Suitcases & Theater: Two poems
Suitcases of dried limes, dried figs, pomegranate paste,
parsley laid in the sun, burnt honey, sugar cubes hardened
on a baking sheet. Suitcases of practical underwear,
hand-washed, dried on a door handle, stuffed into boxes
from Bazaar-e-Vakeel, making use of the smallest spaces,
an Arcoroc tea glass. One carries laminated prayers
for safe travel. I stand still when she smokes
esfand and fans away an evil eye. And when she asks
does this mean he will die I say yes
without worrying it will break her. Suitcases
of WMF fruit knives, of embossed boxes
with gold coins inside, the gaudiest earrings
brought for me, yellow, loud as these big women rolling
meatballs on the kitchen floor, lifting lit coals
with their fingers onto a head of tobacco.
Shisha comes from shisheh, which means glass.
Jigaram, they call me, which means my liver.
Suitcases they unpack and repack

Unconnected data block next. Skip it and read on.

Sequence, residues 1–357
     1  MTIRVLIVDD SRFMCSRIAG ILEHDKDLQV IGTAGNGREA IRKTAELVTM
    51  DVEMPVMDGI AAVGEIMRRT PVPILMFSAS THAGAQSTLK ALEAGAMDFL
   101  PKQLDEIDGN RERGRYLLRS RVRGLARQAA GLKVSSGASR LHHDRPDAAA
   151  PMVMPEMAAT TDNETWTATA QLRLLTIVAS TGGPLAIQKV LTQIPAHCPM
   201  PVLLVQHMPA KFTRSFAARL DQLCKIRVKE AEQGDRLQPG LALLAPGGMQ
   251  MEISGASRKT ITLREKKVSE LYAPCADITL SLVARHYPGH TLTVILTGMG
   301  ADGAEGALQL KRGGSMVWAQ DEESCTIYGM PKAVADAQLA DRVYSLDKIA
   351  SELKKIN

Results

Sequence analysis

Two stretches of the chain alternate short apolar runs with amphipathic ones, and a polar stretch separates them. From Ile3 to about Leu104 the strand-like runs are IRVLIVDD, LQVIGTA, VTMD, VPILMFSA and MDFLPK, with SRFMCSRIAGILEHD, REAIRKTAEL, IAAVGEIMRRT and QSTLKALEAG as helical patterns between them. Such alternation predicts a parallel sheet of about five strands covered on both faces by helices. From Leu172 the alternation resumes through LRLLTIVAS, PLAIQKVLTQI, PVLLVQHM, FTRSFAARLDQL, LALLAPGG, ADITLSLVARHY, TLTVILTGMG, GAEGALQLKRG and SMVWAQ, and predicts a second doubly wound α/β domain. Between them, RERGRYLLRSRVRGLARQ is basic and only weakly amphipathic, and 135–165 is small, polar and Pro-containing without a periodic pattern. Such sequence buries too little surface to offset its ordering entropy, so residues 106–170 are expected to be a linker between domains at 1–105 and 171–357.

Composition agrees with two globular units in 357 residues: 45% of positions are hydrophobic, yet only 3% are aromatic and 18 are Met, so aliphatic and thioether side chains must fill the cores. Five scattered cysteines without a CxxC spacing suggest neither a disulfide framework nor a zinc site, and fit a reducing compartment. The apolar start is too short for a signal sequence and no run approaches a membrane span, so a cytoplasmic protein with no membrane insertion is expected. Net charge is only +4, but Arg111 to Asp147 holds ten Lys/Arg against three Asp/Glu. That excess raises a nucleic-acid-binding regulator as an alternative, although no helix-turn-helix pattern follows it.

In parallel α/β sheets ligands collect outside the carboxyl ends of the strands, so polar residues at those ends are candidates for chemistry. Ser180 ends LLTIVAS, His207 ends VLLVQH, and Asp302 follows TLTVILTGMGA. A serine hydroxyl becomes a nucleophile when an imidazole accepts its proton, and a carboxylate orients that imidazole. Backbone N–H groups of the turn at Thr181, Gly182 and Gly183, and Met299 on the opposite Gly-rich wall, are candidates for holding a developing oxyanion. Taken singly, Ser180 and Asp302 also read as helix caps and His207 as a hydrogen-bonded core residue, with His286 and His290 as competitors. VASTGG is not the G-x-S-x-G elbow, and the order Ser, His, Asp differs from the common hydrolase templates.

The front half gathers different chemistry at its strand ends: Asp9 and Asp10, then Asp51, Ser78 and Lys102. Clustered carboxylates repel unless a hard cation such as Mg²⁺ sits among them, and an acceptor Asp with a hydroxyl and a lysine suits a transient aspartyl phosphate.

over Iranian radio, between calls passing gossip,
the report on the brother’s liver: it’s failing, and he
doesn’t want the sisters around because they will pray
and cry over him like he’s already dead,
which he will be in a few days, the one
who asked to read my poems. Sisters unfurl
black shawls from suitcases to drape over their heads.
I carry trays of dates before the men, offer little
square napkins, thank their condolences, hold the matriarchs
while they rock. I answered yes when one asked
does that mean he’s going to die?
I dropped down against the mosque wall
curled my shoulders in
let my feet fall apart
tilting toward the rubble-dusted floor
tried to still my lashes
as rifles came clanging in
their muzzles smelling out fever
heated off a pulse
I was playing dead
between the dead
a beast caught sight of my breath
blew off my face
“Now he’s fucking dead”
Born in Istanbul and raised in the United States, Solmaz Sharif completed majors in sociology and women of color writers at U.C. Berkeley. While there, she studied and taught with June Jordan’s Poetry for the People. She holds an MFA from New York University’s Creative Writing program, where she taught creative writing and was a Goldwater Fellow. She currently lives in New York City and is working on her first book of poetry.
Photo: bazaar-e vakil, Shiraz, Iran. Photo by Wikimedia Common.
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